Remember that Rome wasn’t built in a day – a manuscript really isn’t finished after 30 days!  Nevertheless,at the end of 30 days you should have in your hand the broad brushstrokes of a manuscript – a rough draft with characters and ideas that are alive and waiting for you to perfect their environment.

Then you can get to the real work of writing: re-writing.  


Tuesday, November 6, 2012


YA Artist May-Ya Rendition "Thou Art my Love" 


Getting into the mind of a sixteen year old (again) is not easy. 
It's also not a fun place to be.  
I hated sixteen.  
 I hated it, loved it and lived it loud.  
It's showing up in m new novel, a genre I decided to try called YA - young audience - but it keeps veering into a very troubled, more adult theme - just like  my life at sixteen.
 So....I need help.
This is my first chapter.  Can you please read and tell me if I'm on the right track.  Would you keep reading if you were a sixteen year old?

  Let me just begin by telling you that I love you.  I don’t mean I love you in a metaphysical, spiritual love kind of something.  I love you because you picked up this book and started to read it.  After all, look at all these books here and you picked up mine! I know it sounds dumb, just blurting out “I love you!” to a complete stranger, but really I am kind of dumb.  I should be really clear about this right from the start.
Next I need to apologize to you for bringing you in on this thing.  What could have been an open and shut case of romance has now been blown all out of shape by the twisted idea that things have to be perfectly awful to be any good.  And who has this idea?  My boyfriend, Fred.
Yeah, that’s right, his name is Fred.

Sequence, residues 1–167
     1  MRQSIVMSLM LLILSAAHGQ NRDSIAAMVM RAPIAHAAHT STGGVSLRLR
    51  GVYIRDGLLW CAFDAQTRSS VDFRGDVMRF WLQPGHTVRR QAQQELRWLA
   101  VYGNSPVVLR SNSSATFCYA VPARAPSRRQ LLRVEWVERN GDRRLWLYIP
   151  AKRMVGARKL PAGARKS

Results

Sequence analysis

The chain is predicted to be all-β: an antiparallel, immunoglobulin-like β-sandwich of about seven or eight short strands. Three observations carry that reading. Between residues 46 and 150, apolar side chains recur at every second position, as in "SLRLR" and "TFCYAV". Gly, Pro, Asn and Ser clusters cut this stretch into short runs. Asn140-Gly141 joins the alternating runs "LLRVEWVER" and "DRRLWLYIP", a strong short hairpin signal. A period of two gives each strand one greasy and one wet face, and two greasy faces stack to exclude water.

“Is that your real name?” I asked him the first day I met him.  Our assigned seating in computer lab was right next to each other and he had a backpack the size of Cleveland.  I mean, Cleveland!  And here he was sitting next to me with a thump like he didn’t even want to be here.  He was sitting next to me!  The prettiest, blondest girl in the whole class and he didn’t want to be here!  So, as I was staring at him, he turned and looked at me through his hair that was too close to his eyes.
The thing was, it was great hair and he had great eyes – brown and green. 
“Hi,” he said, sighing. “I’m Fred.”  Then he stuck out his hand like I was supposed to shake it!  I didn’t know if he was serious or what, so that’s why I asked him if it was his real name.  Maybe to distract him from wanting to touch me –like shake my hand, I mean.
“Actually,” he said.  “It is.”  His eyes were so green and so sad.  I wanted to pretend that either fact didn’t bother me.  But the truth is, I’ve never seen eyes that color before and I have a thing for puppies with sad faces.  So as the teacher droned on and on before we were even allowed to turn on our computers about things like the ban on social network sites (like it wasn’t on my phone!) and how profanity or research on drugs that weren’t yet legalized or any drugs for that matter....  (yawn!) I listened. 
Maybe I should say right here and now that he smelled like soap.
Now, you might understand how the whole idea of Fred was really cool.  But I’m telling you, Fred was hard to get and that’s why I love you for even wanting to hear the story about how we were put together and how we went to homecoming in the same limousine as King and Queen and how he kissed me and how we both decided that the timing was right....